From: Jim Whitehead (ejw_at_ics.uci.edu)
Date: Tue 10 Jun 1997 - 17:29:26 CDT
At 1:40 PM 6/10/97, Peter J. Nuernberg wrote:
_(fwd link)_>> So, who do you see using OHP clients?
>> How broad should the OHP be?
>I think these are exactly the kinds of question that the scenarios are
>supposed to help us answer. So far, our scenarios have made
>optimistic assumptions about security, etc.
While I agree that scenarios can help us refine our requirements, and can serve as a sanity check for the requirements, scenarios alone cannot _(fwd link)_determine the scope of our activity. For example, if I submit a scenario that shows high-ranking military personnel using OHP clients during a wartime situation, does that immediately mean we have a requirement to support such a use situation? No. Once a scenario has been submitted, there is then a process of determining which of the scenarios will be used to develop the requirements. This can proceed in parallel with discussions about the requirements which are not motivated by scenarios.
_(fwd link)_> This may
>seem like a roundabout way to determine what we are building, but the
>alternative method of (essentially) asserting that a given set of
>features is or is not sufficient/necessary is not very effective.
I disagree. What scenarios do is back the discussion up into assertions over whether a given scenario is representative of our expected use of the technology.
>With that in mind, please feel free to submit scenarios at any time!
>See "http://www.csdl.tamu.edu/ohs/scenarios/" for details.
_(fwd link)__(fwd link)_Actually, I find that adding some context to Jorg's existing scenario makes it pertinent for this discussion. In Jorg's scenario, there are two collaborators, A and B. In this scenario, the collaborators are at different sites, but the network connections between them are not detailed. This scenario can be expanded into two cases:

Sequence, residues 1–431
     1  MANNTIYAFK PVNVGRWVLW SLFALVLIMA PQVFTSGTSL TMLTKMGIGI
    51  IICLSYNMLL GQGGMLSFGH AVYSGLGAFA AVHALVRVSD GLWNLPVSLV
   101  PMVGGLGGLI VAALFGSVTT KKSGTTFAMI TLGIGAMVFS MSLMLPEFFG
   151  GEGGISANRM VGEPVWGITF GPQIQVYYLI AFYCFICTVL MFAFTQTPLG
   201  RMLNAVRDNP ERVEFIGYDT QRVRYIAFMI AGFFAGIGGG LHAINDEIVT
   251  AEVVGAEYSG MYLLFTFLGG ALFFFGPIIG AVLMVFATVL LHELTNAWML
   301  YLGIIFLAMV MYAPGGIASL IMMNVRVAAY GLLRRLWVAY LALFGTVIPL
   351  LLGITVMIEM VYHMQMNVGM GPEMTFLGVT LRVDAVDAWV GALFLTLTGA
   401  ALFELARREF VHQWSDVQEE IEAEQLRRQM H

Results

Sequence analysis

Case 1: Collaborators A and B are using OHP technology at different sites behind the same firewall (for example, different facilities of the same company)
Case 2: Collaborators A and B are using OHP technology at different sites not behind the same firewall (for example, two researchers from different institutions collaborating on a standards document, or two engineers from different companies working on a cross-company project)
However, having added some extra context to Jorg's scenario, I find we're still faced with the same questions: who do we see using OHP technology? What level of security and authentication should OHP provide?
_(fwd link)_I think OHP should be robust enough to support collaborative activity across the Internet between collaborators from different organizations _(fwd link)_which are not behind the same firewall (Case 2 above). However, this then leads to a need for robust authentication technology, and for dealing with _(fwd link)_the security implications of sending executable content from an OHP server to an OHP client. Since this increases the complexity of making an OHP client and an OHP server, there needs to be a group decision on a) whether to support this use situation, b) to what degree this affects authentication and security.
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